Thursday, September 16, 2021 | Jenny Armistead
For over a decade, many financial institutions have struggled with attracting and engaging younger consumers. As older millennials (those born in the 1980s) are now heading into their 40s and the transfer of wealth is starting to take place, it is becoming critical for the future growth and sustainability of financial institutions to explore creative ways to engage this lucrative group.
Understanding millennial and Gen Z segments and figuring out how to attract and engage them has been a hot topic for businesses and society in general over the past 10 years. Many financial institutions were proactive and engaged the younger consumers through their parents – getting them early. But did this strategy prove successful in keeping them?
Raddon research shows that 70 percent of millennial and Gen Z consumers claim a large bank as their primary financial institution (PFI). Bank of America is responsible for 73 percent of the movement toward bigger banks.
Millennials and Gen Z expect a more personalized experience based on their unique financial goals and life stage. Nothing turns them off more than being communicated to and targeted with products and services more suited for baby boomers. Building trust and engaging this group starts with truly understanding their individual needs, interests and behaviors and customizing your marketing to focus on making their lives easier.
A great example of this is Bank of America’s Better Money Habits Series. Through answering a series of questions, customers get educational content specifically tailored to them – from budgeting to investing to teaching kids about money or how to borrow responsibly. Providing a personalized experience through relevant content builds trust that leads to engagement – especially with younger consumers.
Another strategy for building trust through relatable and relevant content for millennials and Gen Z is through influencer marketing. Influencer marketing is a growing industry as more companies have experienced its power for engaging younger consumers.
The premise behind influencer marketing is not new. It’s based on age-old word-of-mouth and endorsement advertising strategies that have been around for decades. What makes influencer marketing different is that it uses content creators – people who are “just like you” but happen to have a huge following on social media that fuels the spread of word-of-mouth influence.
What makes influencer marketing so successful is the degree to which the audience (typically younger consumers) view the content creators as credible and relatable. For example, “Christy Creator” is just like me, so I value her opinion on these kinds of products and brands. In some cases, consumers feel that influencers are more credible than the brands themselves. Not only do content creators have power in terms of their ability to influence but also their ability to attract brands that want to leverage their large social media following to reach and engage younger consumers.
Microinfluencers are a specific type of content creator that organizations can hire at a lower cost due to their more modest following – thousands or tens of thousands of people within their niche. Microinfluencers prove to be more effective for businesses looking to develop relationships with their target audience, resulting in higher engagement rates compared to large celebrity or social influencers with millions of followers. Because financial services is such a niche topic, microinfluencers who create content around financial well-being would be a perfect option for a financial institution to include in its digital marketing strategy to attract and engage millennials and Gen Z.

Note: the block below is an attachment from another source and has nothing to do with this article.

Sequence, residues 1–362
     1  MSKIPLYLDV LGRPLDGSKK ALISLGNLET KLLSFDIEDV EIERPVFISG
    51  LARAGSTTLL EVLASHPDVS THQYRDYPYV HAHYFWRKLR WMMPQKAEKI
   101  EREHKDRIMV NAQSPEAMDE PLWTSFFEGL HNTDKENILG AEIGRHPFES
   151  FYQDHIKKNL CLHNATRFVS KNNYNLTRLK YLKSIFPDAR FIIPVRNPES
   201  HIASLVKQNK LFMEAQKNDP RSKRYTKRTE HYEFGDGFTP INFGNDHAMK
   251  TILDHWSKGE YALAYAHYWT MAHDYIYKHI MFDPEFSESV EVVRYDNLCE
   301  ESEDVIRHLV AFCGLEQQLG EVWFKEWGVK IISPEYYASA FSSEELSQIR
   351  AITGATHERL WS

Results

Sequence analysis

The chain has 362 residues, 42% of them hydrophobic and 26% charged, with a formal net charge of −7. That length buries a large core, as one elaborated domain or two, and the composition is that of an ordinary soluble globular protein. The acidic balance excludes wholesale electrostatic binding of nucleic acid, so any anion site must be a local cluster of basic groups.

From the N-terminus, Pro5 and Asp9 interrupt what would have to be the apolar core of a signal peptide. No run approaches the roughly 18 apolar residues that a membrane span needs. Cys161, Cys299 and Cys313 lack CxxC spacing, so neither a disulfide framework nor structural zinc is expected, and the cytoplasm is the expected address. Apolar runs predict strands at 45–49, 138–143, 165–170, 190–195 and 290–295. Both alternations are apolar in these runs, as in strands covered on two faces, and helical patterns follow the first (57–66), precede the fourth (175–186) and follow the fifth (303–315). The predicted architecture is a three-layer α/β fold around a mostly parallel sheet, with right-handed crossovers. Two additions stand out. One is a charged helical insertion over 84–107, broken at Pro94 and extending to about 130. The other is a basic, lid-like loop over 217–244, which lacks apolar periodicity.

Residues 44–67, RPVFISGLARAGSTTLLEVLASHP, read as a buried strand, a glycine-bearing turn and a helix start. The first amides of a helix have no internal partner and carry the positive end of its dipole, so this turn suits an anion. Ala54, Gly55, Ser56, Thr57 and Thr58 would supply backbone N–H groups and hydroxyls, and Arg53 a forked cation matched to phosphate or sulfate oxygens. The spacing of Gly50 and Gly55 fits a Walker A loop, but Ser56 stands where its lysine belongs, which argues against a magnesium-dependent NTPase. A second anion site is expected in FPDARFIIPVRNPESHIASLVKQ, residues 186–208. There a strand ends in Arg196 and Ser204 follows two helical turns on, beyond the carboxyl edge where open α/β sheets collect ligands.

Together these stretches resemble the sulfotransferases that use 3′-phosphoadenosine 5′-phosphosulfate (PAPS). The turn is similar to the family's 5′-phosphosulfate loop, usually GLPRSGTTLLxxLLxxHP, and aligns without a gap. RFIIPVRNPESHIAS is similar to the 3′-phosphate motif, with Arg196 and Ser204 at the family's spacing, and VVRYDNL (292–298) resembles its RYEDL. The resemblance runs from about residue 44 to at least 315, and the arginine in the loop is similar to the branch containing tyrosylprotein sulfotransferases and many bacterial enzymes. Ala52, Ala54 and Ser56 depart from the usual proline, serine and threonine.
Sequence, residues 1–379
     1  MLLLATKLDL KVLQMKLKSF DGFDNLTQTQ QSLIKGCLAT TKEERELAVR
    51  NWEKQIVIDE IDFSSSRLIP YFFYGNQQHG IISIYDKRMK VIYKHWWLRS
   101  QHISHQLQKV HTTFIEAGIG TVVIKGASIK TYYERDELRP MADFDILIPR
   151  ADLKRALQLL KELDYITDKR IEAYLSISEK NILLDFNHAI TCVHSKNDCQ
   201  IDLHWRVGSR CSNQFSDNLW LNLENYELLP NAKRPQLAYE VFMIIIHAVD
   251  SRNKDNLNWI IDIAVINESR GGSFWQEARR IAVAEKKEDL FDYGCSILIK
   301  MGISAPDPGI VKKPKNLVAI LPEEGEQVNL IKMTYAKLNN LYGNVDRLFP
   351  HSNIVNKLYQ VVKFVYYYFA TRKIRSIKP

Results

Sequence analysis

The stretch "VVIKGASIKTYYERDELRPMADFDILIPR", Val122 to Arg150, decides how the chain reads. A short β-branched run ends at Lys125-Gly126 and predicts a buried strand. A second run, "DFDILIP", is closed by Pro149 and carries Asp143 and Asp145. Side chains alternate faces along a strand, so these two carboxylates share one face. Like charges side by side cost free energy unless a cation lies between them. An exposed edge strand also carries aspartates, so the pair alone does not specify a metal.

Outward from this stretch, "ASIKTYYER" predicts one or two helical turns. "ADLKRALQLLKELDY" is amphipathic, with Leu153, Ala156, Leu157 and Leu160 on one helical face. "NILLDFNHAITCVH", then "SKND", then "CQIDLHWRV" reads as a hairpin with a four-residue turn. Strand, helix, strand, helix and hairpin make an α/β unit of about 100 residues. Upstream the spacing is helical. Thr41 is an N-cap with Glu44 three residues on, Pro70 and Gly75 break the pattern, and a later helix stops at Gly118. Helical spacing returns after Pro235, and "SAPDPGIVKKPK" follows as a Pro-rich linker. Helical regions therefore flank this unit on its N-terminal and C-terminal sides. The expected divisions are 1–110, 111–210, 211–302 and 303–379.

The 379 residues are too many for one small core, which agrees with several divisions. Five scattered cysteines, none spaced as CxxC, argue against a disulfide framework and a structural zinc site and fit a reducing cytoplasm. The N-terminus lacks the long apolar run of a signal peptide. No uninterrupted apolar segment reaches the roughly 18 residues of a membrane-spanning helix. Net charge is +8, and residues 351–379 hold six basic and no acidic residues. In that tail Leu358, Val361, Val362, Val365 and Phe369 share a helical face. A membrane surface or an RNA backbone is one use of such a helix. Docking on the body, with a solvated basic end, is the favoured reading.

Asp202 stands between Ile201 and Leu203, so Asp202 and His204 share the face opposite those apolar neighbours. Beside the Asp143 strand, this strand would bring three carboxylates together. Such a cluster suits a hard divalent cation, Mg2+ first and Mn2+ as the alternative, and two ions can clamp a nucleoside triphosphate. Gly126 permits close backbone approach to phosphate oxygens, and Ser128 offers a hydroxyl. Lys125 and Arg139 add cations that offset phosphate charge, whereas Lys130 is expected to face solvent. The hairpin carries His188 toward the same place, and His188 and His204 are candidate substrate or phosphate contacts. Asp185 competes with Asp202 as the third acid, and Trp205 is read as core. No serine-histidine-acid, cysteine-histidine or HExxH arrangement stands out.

Now that you know what influencer marketing is, you might be asking yourself how it works or what an influencer marketing campaign looks like. And most importantly, how do you know if it’s working? Here is a great example of how Bank of America leveraged the social power and reach of some microinfluencers to build awareness for its Better Money Habits campaign.
In September 2019, Bank of America, in partnership with Buzzfeed, hosted a Better Money Habits Retreat in Miami for 50 young adults to share their experiences and learn how to improve their financial habits. Beyond the partnership with BuzzFeed – one of the largest news/media outlets that reaches hundreds of millions of young people globally – the bank was also strategic in terms of attendees and presenters. For example, the Instagram #Ads featured above are from two microinfluencers who presented at the retreat and shared that experience with their (tens of thousands to hundreds of thousands) followers.
The financial wellness retreat was a true win for all parties involved. Bank of America was able to create a fun and unique financial literacy experience that would allow it to share its financial education platform and content with an influential and socially powerful group of participants. These microinfluencers have built trust and credibility with their young adult followers and, through promoting Bank of America’s Instagram ads, allowed the bank to engage millennials and Gen Z consumers with their content.
Financial institutions that win at building trust and engaging millennials and Gen Z consumers will better position themselves for future growth and profitability. The influencer marketing industry is projected to be worth more than $15 billion by 2022 and has already had a significant impact on advertising strategies, taking more share of the marketing budgets due to its proven ability to build trust and ultimately influence purchasing decisions of younger consumers. Now is the time for financial institutions to develop an influencer marketing strategy to see how, over time, it will lead to driving higher engagement with those younger consumers who are so vital to their future success.
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